Low Carb Mediterranean Diet Plan
Curious about the Mediterranean diet? Learn why this diet is linked to greater health and longevity and how you can apply its principles to your low carb or ketogenic lifestyle.
Over the last three decades, the Mediterranean diet has become one of the most popular eating plans among health-conscious consumers and scientific researchers. Its appeal goes beyond notions of enjoying fresh olives, feta cheese and a glass of red wine overlooking the Mediterranean Sea; this diet and lifestyle approach has also been linked to a lower risk of coronary heart disease and fewer premature deaths in Mediterranean countries such as Greece, Italy and Spain. In this article, we dive into the reasons for these observed health benefits and how you can apply Mediterranean diet principles into your low carb or ketogenic lifestyle. We also include a list of approved low carb Mediterranean foods, recipe and meal ideas, and other suggestions for living like some of the healthiest communities in the world!
Disclaimer: The information in this article is not intended to replace personalized medical advice. A low carb diet may not be suitable for you. Consult your health care provider before making any changes to your lifestyle or use this information at your own risk.
What is The Mediterranean Diet?
Based on the lifestyles of those living in the countries that surround the Mediterranean Sea, the Mediterranean diet covers not only a way of eating and drinking, but also a way of living. We will get into more of the lifestyle aspects of this diet later in this article, but for starters let’s take a look at the eating habits of these communities.
The Mediterranean diet is mainly plant-based, with a focus on consuming high amounts of fresh fruits and vegetables, legumes, nuts, whole grains and lean protein sources every day. It also limits things like poultry, eggs and red meat, and encourages moderate amounts of things like fish and dairy.
Now the burning question for keto dieters – what about fats? The Mediterranean diet is rich in monounsaturated fats, mainly coming from plant-based sources such as olives, nuts and avocados, but also from fatty fish. Very few animal fats are consumed on this diet, as they contain higher amounts of saturated and trans fats, which have been linked to a higher risk of heart disease. Check out our article on the different types of fats for more information.
It is worth noting that Mediterranean diets comprise the eating habits of people from various regions in Europe, Asia and Northern Africa. However, “the Mediterranean diet” was publicized in the 1970s by American bio-chemist team, Ancel and Margaret Keys, who consolidated it to appeal to a Western market. There is endless inspiration to draw from cultures spanning from France to Morocco to the Middle East when considering Mediterranean diet principles!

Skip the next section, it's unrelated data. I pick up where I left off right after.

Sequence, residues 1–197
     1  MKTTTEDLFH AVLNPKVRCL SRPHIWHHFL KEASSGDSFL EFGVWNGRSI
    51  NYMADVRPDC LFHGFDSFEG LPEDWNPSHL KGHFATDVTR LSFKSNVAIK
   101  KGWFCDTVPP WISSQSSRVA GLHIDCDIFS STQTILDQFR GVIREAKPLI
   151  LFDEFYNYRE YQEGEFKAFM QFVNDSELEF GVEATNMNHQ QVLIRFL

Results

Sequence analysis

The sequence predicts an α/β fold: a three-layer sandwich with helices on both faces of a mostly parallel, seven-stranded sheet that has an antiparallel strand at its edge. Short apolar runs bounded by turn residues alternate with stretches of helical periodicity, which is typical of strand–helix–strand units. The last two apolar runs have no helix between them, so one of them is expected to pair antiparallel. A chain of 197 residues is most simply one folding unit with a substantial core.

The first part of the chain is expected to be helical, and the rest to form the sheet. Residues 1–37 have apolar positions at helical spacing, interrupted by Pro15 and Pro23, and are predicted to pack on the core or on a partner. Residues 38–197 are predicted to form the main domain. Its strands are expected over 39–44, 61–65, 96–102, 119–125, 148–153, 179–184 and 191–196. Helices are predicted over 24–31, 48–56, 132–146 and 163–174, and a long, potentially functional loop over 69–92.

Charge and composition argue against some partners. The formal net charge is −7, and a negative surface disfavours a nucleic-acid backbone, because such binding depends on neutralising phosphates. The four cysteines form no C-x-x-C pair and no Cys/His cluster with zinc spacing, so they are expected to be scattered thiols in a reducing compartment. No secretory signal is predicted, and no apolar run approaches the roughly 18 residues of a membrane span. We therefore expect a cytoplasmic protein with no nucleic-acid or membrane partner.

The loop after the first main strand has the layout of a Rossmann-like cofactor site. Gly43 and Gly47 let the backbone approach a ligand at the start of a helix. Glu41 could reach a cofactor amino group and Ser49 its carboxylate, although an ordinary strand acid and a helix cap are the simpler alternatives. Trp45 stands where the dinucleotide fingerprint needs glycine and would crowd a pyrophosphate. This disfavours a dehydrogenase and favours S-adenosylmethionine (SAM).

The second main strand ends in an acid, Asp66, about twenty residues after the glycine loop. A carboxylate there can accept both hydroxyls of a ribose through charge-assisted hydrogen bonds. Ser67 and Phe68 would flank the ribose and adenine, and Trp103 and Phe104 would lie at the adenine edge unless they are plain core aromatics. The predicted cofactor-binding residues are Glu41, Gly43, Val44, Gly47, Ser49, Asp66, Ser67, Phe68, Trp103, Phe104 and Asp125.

Can The Mediterranean Diet be Low Carb or Keto?
There are aspects of the Mediterranean diet that certainly comply with low carb and ketogenic diets. For example, fatty fish, olives and olive oil, and avocados are all low in net carb and high in fats. However, the Mediterranean diet also typically includes a lot of high carb foods as well, such as fruits, whole grains and legumes. These should be limited or eliminated to achieve ideal keto or low carb macronutrient ratios. You may also have to add certain foods, such as eggs, grass-fed butter, and coconut oil, that are not part of the Mediterranean diet in order to achieve your desired macronutrient ratios, especially if you follow a strict ketogenic diet.
Can You Get Enough Fat on The Mediterranean Diet?
A common concern for keto dieters interested in the Mediterranean diet is being able to obtain 75%+ of their calories from fat in order to stay in ketosis. After eliminating whole grains and fruits, it may seem like there aren’t many keto-friendly foods left to choose from in the Mediterranean diet. Plus, even the fattier foods like avocados and olives contain carbohydrates and fish can be high in protein, throwing off desired macronutrient levels. So, when it comes to strict diets such as the ketogenic diet, you may not be able to follow the Mediterranean diet to a “T”. That said, by keeping track of your macronutrient levels and incorporating other foods that will allow you to get enough dietary fat, you can mesh the Mediterranean diet with your low carb lifestyle.
The benefit of trying a Mediterranean-style low carb diet is more variety in your food choices. Many people can get stuck in a bacon and butter rut when following a low carb or ketogenic diet, and boredom can lead to cheat days. By giving yourself more options in your diet, you are more likely to stay on track. Swap out bacon and butter for Mediterranean fat sources such as olive oil, feta or goat’s cheese, and fatty fish (salmon, sardines, mackerel, tuna, etc.). These foods are not only higher in nutrients and beneficial fats, but they are also incredibly tasty, too!
Another way that you can draw inspiration from the Mediterranean diet without affecting your macronutrient ratios is through the use of more fresh herbs and spices in your cooking. These simple additions to your meals can help evoke the flavours of Mediterranean food without complicating your carb count. Some herbs and spices that are commonly used in Mediterranean cuisine include:
- Spices: paprika, saffron, black pepper, garlic, fennel, and crushed red pepper
- Fresh (or dried) herbs: basil, dill, mint, oregano, parsley, thyme, rosemary, marjoram, and tarragon
Why Limit Red Meat?
Another concern for low carb and ketogenic dieters is the limited consumption of red meat when following the Mediterranean diet. Many popular low carb foods and recipes involve the use of red meat such as beef, pork and lamb since these cuts of meat tend to be the highest in fats.